Saturday, September 26, 2015

Planning: Initial Plan

For my course, I was assigned to write an initial plan paper outlining my ideas on what I planned to do for my project.  Here is what I submitted:

For my personal inquiry project, I will be examining the subject of lexiles.  In the elementary school where I just started working as the librarian, students are assigned lexile numbers based on their performance on standardized testing, which is administered three times yearly.  If students are sick on the test day, or if they simply perform poorly on standardized tests in general, the lexile number cannot be adjusted until the next standardized test.  Throughout the entire school year, most teachers require that one of each student's weekly checkouts be within their lexile range.

Furthermore, the classroom teachers require that students take Reading Counts quizzes within their lexile range each quarter in order to gain credit for their reading classes.  The number of quizzes required for varies depending on the grade and level of the reading class; most classes are asked to read and test on two to four books per quarter, all within the student's individual lexile range.  Students with low lexiles may struggle to find books of interest to them.  On the other end of the spectrum, books with high lexiles can often be too mature in content and language for advanced readers in lower grades.

Lexiles touched my work as a public librarian as well, when parents would often come in to the children's room and ask to check out a book at a "Level K" or a "300 lexile."  When well-meaning parents take their children to the public library in search of leveled books for classroom practice or to qualify for Reading Counts (or Accelerated Reader or other similar programs) tests, they don't understand where to look or how to located books at the appropriate reading levels.  Public librarians become frustrated with trying to understand the school leveling system instead of helping parents select quality literature for their children.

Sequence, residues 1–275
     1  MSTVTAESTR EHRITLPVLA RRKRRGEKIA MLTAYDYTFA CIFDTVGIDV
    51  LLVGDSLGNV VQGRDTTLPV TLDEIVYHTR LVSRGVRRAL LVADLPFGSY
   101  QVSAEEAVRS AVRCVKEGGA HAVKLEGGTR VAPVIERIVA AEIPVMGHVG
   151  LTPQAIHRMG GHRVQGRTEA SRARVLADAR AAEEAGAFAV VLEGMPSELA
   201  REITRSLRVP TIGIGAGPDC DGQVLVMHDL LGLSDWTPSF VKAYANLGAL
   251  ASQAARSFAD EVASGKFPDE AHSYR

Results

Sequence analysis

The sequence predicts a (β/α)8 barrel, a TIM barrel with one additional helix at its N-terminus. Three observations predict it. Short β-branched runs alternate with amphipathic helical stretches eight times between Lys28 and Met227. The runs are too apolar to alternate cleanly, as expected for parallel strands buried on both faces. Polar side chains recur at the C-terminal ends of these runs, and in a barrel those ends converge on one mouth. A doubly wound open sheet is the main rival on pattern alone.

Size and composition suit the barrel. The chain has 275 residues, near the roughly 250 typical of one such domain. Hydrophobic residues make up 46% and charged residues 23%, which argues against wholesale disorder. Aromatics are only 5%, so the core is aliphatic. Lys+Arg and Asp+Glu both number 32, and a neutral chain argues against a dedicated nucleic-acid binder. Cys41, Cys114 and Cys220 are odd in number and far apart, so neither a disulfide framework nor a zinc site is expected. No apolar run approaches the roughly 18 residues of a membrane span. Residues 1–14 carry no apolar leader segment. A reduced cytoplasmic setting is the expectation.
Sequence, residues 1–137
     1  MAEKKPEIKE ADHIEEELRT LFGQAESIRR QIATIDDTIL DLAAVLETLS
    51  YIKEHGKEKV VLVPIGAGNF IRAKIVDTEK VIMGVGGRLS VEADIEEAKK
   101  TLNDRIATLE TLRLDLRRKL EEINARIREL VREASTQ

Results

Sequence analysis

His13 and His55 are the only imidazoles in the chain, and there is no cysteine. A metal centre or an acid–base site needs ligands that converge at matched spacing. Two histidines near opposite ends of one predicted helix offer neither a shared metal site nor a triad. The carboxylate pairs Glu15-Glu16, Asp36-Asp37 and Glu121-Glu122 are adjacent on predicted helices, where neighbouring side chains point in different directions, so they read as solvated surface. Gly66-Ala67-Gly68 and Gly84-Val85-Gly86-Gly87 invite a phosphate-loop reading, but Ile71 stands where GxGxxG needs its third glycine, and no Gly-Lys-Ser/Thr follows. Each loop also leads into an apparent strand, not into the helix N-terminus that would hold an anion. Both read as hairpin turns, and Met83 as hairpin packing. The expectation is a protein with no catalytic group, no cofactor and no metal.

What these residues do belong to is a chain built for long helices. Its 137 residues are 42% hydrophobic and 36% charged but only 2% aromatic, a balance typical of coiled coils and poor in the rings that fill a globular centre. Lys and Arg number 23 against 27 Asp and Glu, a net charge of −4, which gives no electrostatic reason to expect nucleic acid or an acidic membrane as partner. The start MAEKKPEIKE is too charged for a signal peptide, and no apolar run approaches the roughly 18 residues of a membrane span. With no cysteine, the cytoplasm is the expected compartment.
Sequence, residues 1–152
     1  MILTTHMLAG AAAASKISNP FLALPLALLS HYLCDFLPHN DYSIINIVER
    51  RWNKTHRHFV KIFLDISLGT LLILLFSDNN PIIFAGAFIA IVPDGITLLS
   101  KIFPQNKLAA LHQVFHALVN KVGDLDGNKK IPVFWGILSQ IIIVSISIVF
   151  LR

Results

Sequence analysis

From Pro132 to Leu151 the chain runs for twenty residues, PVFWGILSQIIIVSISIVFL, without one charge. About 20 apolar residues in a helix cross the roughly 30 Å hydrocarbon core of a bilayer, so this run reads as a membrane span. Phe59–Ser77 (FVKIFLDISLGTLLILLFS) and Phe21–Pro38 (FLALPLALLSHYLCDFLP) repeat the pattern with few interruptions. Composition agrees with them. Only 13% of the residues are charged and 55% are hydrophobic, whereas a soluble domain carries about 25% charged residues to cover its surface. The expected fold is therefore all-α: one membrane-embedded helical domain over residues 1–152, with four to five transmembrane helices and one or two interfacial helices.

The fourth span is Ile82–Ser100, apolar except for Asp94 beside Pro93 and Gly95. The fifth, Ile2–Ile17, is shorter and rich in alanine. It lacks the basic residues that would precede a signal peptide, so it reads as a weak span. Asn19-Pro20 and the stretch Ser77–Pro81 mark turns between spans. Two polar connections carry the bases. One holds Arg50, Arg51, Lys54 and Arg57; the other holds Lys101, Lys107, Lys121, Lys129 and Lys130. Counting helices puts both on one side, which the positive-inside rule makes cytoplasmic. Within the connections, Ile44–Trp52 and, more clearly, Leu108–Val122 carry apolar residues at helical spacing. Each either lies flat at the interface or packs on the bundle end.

Because most of my experience is with high school students, I have no formal background with learning or understanding the lexile system.  The little that I do know has been explained to me by my daughters' (now ages 9 and 7) classroom teachers over the years.  My instinct is to feel that the lexile system is flawed and that there must be a better way of measuring student reading ability, but I may only feel that way because I've had such a hard time finding appropriate reading materials for my oldest daughter (now 4th grade), who reads way above grade level but emotionally is probably a little lower.

During the course of my inquiry, I'd like to find out specifically how lexiles are determined.  I plan to read research on both sides of the lexile debate--both supporters and critics of the system.  I would also like to find out what alternatives there are for measuring student reading ability.  I'd like to look into the pros and cons of these systems as well and determine whether any other system might be a possibility for my school in future years.  I will begin by using the databases available to us through the University Library.  I may also ask the teachers at my school if they know of any sources that I might find helpful.

I plan to use the Alberta Model for inquiry and to keep a journal of my experiences.  I'm looking forward to this project and hoping that I glean some useful information for my school!

No comments:

Post a Comment